Say, for example, you want to get into the habit of cleaning the floors regularly. Tuesday is one day of your week that you typically don’t have many other commitments on. So make a note, mark your calendar — whatever you need to do to remind yourself — and on the day, make cleaning the floor one of your first tasks. Over the course of that month or the next few, if you keep at it diligently, that task will start to become routine. Once you are confident of this, you can move on to adding another task, always keeping in mind to make it reasonable. (Adding two hours of daily workout to your schedule is just not going to happen. Trust me on this one.) Each small success will serve as an encouragement to you and will help you to move forward with the confidence that you can get it done.

#4. Establish Routines and Schedules

Some of you may be thinking, “I don’t do well with schedules. They’re too restrictive.”

I once thought the same. Schedules didn’t seem to make sense. I thought I could accomplish so much more, and have so much more freedom, if I didn’t lock myself into boxes of time. Since then I have discovered that schedules are actually more freeing.

Before having a schedule and routine, I found that the “basics” didn’t get accomplished on a reliable basis. Sure, there were some random tasks and projects which saw completion during the week. But dinner time was random. Laundry was piling up. The kids’ baths were being neglected. And on and on it went.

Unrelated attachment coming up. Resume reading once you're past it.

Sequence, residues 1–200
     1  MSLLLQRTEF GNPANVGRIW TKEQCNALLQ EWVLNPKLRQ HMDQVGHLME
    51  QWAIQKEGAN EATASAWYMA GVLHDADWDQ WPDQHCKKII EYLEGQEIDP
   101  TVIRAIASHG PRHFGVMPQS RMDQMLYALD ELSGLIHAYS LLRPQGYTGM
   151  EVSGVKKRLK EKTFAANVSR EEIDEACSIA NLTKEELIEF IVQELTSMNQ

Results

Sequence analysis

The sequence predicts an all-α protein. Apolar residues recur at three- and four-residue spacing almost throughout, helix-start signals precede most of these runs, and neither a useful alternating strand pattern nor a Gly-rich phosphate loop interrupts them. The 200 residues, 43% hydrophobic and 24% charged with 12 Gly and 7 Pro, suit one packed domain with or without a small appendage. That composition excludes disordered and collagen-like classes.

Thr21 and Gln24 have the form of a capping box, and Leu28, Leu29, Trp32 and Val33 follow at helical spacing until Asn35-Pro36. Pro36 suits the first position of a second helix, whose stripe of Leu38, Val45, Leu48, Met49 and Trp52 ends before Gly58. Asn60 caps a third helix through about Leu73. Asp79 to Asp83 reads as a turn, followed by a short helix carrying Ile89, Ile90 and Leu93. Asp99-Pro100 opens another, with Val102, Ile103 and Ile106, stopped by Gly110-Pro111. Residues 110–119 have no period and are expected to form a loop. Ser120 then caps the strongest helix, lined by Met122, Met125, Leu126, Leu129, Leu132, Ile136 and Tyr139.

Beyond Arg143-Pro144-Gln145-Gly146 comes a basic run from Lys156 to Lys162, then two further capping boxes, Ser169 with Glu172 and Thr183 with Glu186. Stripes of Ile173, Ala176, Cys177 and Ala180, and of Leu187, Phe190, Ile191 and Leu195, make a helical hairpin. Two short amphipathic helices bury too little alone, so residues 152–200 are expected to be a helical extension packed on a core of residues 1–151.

Furthermore, once I had finished a task, I couldn’t think of what to do next, and so much time was squandered on non-productive activities (read: “Youtube”, “Facebook”, etc.) because I thought my work was done. And at the end of the day, I would be kicking myself for the lost time when I remembered all the things I should have done but didn’t because I had forgotten.

What helped me in organizing my day/week was establishing a routine one task at a time, as I mentioned above. After I had been able to keep up some routine for over a year or two, I eventually became convinced that I should try a schedule too. So I divided my waking hours into 4 or 5 blocks of time, and allotted myself a few tasks or activities in each. In practice, you would probably say it works more like a flow chart, but regardless, it has been an immense help in organizing my day: chores are being completed more reliably, I’m spending time with the kids every morning — which has led to a significant improvement in their behaviour, by the way! — and I’m finding that some days I even have a spare hour in the afternoon to tackle some projects. I keep one printed copy of my schedule in the kitchen and one at my office desk, so if ever I need a reminder as to what to do next, my schedule is never far away!

#5. Never Call Yourself a Failure

Recognize that this is truly a work in progress. Like any other skill, good homemaking takes discipline and practice. You will have hard days and setbacks, and seasons when routines and schedules are lost (e.g. a difficult pregnancy, health problems, moving house, etc.). This is life, and one day the cloud will pass. You can start over again, and/or adjust your routine as needed. The important thing is to see improvement over the years.

May God bless you as you seek to be an excellent keeper of the home for His glory!

-Kristin